After four years, multiple IVF cycles, three devastating miscarriages, and countless setbacks … Aela’s road to motherhood has been anything but easy. Follow her story on Babble and don’t miss the latest chapter in her journey below.
What if I don’t ever successfully birth a baby into this world?
After four years of infertility, this is a serious question I’ve been asking myself. When I think about not becoming a mother, I can’t help but feel like a failure. Couple that with the stigma from moms and I feel an immense pressure that I’m not good enough unless I have children.
My baby fever has been in high gear for roughly six years, and I’ve been actively trying to get pregnant and stay pregnant for four years. It’s been a long journey, littered with heartbreak and disappointment and more loss than anyone should have to suffer through. As the months and years continue on without making me a mother, I can’t help but wonder what my life will be like if I don’t ever have children.
When I think of the plight of women like me — childless not by choice — my heart aches for us. What happens if you don’t end up with the one thing you’ve worked so hard for? Will I feel like a failure if I don’t have kids? I’ve committed four years of my life so far to becoming a mom. What if I don’t have children? What if I truly can’t have children? I can try and try and try, but there are women who just can’t have kids. What if I’m one of them?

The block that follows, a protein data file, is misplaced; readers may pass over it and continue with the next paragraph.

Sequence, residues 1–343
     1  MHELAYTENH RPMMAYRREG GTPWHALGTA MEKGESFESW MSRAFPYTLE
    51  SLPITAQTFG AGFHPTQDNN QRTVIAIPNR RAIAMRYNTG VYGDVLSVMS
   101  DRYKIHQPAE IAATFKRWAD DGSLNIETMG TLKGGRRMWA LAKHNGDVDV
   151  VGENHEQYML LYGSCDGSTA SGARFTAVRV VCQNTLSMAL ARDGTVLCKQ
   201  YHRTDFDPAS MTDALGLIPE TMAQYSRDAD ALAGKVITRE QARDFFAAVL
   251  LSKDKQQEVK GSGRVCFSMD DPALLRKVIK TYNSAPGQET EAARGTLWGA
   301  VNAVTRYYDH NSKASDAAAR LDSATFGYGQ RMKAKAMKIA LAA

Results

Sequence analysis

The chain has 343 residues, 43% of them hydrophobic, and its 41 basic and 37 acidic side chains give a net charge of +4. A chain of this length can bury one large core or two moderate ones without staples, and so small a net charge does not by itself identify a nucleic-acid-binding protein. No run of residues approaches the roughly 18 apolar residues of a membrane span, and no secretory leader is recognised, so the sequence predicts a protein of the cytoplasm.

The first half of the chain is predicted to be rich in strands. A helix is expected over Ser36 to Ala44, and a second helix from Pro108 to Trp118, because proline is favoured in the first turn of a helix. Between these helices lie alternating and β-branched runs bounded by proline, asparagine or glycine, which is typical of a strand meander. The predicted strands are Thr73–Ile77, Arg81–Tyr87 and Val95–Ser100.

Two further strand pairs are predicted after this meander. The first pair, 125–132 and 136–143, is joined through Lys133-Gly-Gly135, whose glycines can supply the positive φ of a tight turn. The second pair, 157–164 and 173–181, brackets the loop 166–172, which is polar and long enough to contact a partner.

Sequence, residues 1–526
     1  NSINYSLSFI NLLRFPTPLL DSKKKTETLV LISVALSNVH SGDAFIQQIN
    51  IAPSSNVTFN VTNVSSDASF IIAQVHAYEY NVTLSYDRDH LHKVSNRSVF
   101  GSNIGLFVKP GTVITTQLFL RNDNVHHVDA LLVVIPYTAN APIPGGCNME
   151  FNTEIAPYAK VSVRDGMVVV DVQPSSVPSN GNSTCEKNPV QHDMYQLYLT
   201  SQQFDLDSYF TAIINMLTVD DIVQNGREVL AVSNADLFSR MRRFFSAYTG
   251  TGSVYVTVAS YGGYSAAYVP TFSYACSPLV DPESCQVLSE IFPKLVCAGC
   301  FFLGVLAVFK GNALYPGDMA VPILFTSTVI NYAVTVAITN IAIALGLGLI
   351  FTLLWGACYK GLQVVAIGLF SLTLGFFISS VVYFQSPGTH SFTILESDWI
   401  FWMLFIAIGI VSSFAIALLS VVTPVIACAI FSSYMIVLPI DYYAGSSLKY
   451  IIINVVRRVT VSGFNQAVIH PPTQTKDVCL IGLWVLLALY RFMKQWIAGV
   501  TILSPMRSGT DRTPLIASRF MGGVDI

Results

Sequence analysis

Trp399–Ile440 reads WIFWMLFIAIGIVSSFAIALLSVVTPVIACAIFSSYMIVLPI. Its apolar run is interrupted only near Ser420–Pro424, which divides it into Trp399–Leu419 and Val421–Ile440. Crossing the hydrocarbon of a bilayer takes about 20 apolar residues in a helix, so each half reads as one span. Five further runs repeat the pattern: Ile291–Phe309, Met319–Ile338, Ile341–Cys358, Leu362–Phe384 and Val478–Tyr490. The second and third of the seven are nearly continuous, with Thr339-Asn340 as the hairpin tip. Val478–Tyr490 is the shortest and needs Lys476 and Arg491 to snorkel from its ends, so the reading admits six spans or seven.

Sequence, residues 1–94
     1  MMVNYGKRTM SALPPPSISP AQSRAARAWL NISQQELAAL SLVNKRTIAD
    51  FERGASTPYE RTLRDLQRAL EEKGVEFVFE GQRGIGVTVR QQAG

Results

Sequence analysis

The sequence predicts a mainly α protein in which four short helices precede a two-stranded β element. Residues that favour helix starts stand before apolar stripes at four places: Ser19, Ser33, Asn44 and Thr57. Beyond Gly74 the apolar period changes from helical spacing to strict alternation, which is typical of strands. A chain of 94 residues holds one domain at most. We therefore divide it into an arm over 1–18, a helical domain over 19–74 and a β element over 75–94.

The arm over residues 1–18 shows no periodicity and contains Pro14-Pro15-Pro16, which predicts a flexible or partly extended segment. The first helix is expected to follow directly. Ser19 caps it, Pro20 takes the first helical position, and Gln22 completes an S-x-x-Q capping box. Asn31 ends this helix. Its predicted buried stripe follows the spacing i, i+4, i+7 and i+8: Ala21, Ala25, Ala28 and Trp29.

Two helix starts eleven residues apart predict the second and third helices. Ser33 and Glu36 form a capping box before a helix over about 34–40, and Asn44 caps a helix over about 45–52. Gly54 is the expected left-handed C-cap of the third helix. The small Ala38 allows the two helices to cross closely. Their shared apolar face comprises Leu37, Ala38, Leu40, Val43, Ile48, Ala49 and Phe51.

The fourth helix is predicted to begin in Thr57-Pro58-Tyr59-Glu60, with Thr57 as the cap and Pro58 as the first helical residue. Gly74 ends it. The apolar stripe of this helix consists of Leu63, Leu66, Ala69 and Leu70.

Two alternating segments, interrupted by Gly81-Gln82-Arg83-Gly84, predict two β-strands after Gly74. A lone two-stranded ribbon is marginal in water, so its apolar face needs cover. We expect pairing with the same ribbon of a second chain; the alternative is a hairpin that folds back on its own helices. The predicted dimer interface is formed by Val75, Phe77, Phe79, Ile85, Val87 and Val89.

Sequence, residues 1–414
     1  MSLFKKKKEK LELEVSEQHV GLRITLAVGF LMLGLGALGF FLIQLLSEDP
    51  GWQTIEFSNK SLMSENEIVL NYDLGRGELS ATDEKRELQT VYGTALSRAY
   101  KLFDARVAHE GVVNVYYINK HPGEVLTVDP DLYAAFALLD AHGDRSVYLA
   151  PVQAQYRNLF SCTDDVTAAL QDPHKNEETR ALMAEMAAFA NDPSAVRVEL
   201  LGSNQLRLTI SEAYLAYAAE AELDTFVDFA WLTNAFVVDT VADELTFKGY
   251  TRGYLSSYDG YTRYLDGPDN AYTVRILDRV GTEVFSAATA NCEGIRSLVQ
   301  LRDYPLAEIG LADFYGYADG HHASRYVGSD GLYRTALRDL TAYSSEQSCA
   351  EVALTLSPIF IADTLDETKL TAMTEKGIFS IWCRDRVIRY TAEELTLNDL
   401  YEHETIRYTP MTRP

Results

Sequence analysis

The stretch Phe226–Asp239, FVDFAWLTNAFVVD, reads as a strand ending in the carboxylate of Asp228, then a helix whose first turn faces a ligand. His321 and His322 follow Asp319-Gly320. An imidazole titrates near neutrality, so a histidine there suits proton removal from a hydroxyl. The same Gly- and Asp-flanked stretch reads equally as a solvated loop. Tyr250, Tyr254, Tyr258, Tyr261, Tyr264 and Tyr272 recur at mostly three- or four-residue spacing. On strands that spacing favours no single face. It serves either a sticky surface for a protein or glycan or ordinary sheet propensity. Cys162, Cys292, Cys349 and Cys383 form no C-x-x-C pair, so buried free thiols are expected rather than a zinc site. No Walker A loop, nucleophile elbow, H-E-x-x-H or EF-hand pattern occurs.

Infertility itself makes you feel like your body has failed you. And even if all logic tells us that it’s not our fault, it sure does feel like it is. My body is mine. My body cannot do what I want it to do. It is seemingly unable to do what it is supposed to do. Maybe there’s some awful societal misogyny laced in this thinking because surely women are so much more than their bodies, but still — even a liberal feminist lesbian like myself can’t help but feel like I’m broken. Like I’m failing desperately here.
Women who are childless not by choice face incredible pressure from society and, more notably, from other moms who, unwittingly or not, make you feel totally excluded. We expect this from society, right? We expect to be looked at with questioning faces and even judgmental glances that we are grown women without children, as if we’re some broken species all our own, or that we’re part of “what’s wrong with the world today.” But it’s the very real judgment from other mothers that hits us most in the gut.
You just don’t get it until you’re a mom.
Talk to me when you’ve got kids.
Nothing validates your womanhood more than giving birth.
These statements hurt. Some women — not all, but some — know exactly what they’re doing when they say these things. They want our lives to be defined by the accomplishment of having and raising children (and, yes, it IS an accomplishment and certainly one to be proud of), but far too many of these women highlight this part of their lives as a way to showcase their rank. They’re the next-level woman you just ain’t yet. And they love to remind you.
Of course, I recognize that my own views are what trap me in these feelings and notes them as shortcomings. I’ve always been successful, in all I’ve done until now. I work for something and I get it — college, jobs, relationships — you name it. I’ve never worked for something and NOT gotten it. Hard work pays off, right? Isn’t that what we’re taught? How can I feel like anything but a failure if I don’t end up having a baby after all the time and work I’ve put into this?
I don’t have the answers to my own questions, and I don’t know how to find them.